Pronouns, familiar words we’ve used for centuries, have somehow become controversial in the past few years. But as language continues to develop, so should our knowledge of it.

When Elliot Page came out on social media, they shared that they are trans and that their pronouns are “he/they.” It was an announcement that left plenty of cisgender reporters, and even a few binary trans people, confused. GLAAD put together this guide for writing and speaking about Page specifically, but it seems like there’s a lot to learn.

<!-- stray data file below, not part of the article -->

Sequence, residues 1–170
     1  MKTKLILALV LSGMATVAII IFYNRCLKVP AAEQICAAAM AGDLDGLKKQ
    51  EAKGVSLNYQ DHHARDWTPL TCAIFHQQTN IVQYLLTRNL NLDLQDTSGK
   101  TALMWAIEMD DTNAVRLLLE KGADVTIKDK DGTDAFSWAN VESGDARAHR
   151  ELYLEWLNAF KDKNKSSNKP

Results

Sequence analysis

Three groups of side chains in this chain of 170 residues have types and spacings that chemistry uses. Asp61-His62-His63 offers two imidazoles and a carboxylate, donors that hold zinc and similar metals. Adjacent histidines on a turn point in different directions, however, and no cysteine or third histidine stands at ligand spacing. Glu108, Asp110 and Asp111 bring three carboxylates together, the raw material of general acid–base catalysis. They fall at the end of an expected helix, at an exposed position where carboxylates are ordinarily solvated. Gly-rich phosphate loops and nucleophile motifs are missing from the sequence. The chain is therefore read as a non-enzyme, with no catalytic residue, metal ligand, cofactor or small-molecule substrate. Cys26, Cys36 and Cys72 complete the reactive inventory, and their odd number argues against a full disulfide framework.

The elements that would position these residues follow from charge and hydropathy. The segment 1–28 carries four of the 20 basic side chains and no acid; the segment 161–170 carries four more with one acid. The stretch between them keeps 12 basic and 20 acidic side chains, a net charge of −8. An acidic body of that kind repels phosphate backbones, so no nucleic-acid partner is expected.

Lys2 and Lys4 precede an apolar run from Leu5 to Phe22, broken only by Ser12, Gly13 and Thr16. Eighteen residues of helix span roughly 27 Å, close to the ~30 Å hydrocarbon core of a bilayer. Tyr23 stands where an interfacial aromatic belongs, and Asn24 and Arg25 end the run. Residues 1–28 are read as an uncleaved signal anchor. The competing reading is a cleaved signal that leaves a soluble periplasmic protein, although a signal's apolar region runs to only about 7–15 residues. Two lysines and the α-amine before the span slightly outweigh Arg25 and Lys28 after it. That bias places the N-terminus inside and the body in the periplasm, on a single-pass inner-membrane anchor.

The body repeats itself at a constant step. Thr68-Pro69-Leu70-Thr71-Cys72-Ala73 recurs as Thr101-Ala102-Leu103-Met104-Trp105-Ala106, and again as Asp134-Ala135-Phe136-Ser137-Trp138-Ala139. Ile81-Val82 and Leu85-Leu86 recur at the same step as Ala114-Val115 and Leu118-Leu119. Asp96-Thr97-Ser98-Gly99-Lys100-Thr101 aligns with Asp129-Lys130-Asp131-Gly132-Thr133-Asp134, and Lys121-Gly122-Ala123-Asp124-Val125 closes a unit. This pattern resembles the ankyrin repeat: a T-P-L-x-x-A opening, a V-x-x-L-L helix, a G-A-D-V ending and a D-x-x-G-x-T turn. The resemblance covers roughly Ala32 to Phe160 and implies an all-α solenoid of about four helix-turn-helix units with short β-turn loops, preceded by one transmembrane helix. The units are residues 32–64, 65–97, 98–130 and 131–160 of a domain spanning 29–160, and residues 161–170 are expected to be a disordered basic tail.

So, let’s start with the basics. (If you remember grammar school, just hang in there.)

What is a pronoun?

He, she, they, you, we, but also anybody, something, whichever. There are more than 100 pronouns in English. Japanese has more than 700, though they are frequently omitted. 

Pronouns act as stand-ins for nouns. It’s the word you use when you don’t want to say or don’t know the name of the thing you’re talking about. For example, in the previous sentence, it and you are used to